Regardless of your level of involvement in payroll, there are certain terms that you should know. Below is a roundup of words that are commonly used in the payroll industry.
These deductions are subtracted from employees’ wages after pretax deductions and payroll taxes have been taken out. After-tax deductions — such as wage garnishment, Roth 401(k) contributions and charitable donations — do not lower employees’ taxable wages.
Automated clearing house (ACH)
ACH accomplishes the electronic transfer of funds from one bank account to another. From a payroll standpoint, ACH enables employers to pay their employees through direct deposit.
Compensation includes total cash and noncash payments made to an employee in exchange for his or her services rendered. It includes base hourly pay or salary, overtime wages, commissions, bonuses, tips, benefits (e.g., insurances, retirement plan and PTO) and merit pay, plus stock options and other noncash awards.
Disposable earnings are an employee’s wages after all legally required deductions — including payroll taxes — have been subtracted from his or her gross wages. Disposable earnings should not be confused with net pay, which is the amount of wages left over after all deductions, including deductions for voluntary benefits, have been taken out of the gross wages.
Exempt employees are excluded from the Fair Labor Standards Act’s overtime provisions, meaning these employees do not receive overtime pay when they work more than 40 hours per week. Salaried exempt employees are also excluded from the FLSA’s minimum wage provisions.
Fair Labor Standards Act (FLSA)
The FLSA sets federal minimum wage, overtime, child labor and recordkeeping standards. In some cases, the FLSA may be superseded by state or local labor laws.
Nonexempt employees are not excluded from FLSA minimum wage or overtime provisions. These employees must be paid no less than the federal minimum wage, along with overtime if they work more than 40 hours in a workweek.
This term encompasses all your company’s payroll filing obligations under federal, state and local laws. It might include reporting federal payroll taxes quarterly on IRS Form 941 and federal unemployment tax annually on IRS Form 940. There’s also Form W-2 reporting, state unemployment tax reporting and, for applicable large employers, Affordable Care Act reporting.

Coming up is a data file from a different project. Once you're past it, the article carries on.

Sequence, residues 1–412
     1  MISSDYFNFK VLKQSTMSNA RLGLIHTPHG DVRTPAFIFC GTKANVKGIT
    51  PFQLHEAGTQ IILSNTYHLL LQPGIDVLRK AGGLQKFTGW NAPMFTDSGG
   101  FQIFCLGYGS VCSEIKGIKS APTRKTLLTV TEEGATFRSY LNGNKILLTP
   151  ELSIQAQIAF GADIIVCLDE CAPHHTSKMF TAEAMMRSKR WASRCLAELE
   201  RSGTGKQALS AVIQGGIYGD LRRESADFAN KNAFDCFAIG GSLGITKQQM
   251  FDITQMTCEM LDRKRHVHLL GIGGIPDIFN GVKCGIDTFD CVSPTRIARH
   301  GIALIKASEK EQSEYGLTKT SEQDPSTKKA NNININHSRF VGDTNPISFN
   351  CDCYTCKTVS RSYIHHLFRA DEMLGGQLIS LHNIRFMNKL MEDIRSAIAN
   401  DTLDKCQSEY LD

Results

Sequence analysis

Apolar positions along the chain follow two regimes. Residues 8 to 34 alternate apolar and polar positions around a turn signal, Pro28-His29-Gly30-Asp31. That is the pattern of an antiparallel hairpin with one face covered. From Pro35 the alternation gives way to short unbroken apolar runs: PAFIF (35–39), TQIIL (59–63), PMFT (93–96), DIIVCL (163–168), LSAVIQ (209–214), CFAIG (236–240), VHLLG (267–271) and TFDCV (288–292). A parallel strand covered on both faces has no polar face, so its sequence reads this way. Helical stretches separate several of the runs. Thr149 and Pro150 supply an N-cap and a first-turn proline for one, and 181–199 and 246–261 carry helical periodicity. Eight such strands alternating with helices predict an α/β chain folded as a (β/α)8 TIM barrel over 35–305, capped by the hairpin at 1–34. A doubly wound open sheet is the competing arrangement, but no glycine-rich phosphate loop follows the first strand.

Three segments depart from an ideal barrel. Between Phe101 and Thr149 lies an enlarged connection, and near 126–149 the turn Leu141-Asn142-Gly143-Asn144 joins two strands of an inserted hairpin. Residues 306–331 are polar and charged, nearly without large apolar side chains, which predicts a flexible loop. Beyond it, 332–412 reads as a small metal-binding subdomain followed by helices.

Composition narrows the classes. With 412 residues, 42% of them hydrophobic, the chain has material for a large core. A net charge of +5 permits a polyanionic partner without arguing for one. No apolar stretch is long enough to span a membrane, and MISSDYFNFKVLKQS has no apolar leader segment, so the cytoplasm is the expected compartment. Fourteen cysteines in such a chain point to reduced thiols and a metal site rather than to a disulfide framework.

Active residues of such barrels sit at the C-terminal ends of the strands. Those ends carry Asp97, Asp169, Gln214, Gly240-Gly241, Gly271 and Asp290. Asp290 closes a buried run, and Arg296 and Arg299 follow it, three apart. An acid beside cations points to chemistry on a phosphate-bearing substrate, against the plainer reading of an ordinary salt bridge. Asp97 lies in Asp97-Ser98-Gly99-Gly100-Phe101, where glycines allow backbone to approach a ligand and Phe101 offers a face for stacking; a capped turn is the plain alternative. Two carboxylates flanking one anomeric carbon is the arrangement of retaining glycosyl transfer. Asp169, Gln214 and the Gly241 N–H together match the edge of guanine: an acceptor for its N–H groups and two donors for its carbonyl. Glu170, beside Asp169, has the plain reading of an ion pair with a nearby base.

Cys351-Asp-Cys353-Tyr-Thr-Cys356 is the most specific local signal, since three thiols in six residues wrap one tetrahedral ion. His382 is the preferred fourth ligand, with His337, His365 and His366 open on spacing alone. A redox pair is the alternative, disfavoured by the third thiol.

Pretax deductions are taken out of an employee’s pay before payroll taxes and after-tax deductions are withheld. These deductions — which include benefits offered under a Section 125, or cafeteria plan — decrease employees’ taxable wages.
This is the amount owed to an employee because he or she was paid at a lower rate for a previous pay period.
Section 125 plan
This is an employee benefits plan that meets the requirements of Section 125 of the Internal Revenue Code. Also called a cafeteria plan, a Section 125 plan lets employees pay for their benefits — such as health insurance, flexible spending accounts and traditional 401(k) plans — with pretax money.
Supplemental wages are payments made to an employee in addition to his or her regular wages — such as bonuses, commissions, severance pay, overtime pay, back pay and retroactive wage increases. Supplemental wages may be subject to different tax rules than regular wages are.
Tax withholding is the process of deducting applicable federal, state and local employment taxes from employees’ wages.
This is a legal proceeding requiring a person’s employer to withhold a portion of that person’s wages in order to satisfy a debt he or she owes — such as for credit card or medical bills, student loans, back taxes, child support or alimony.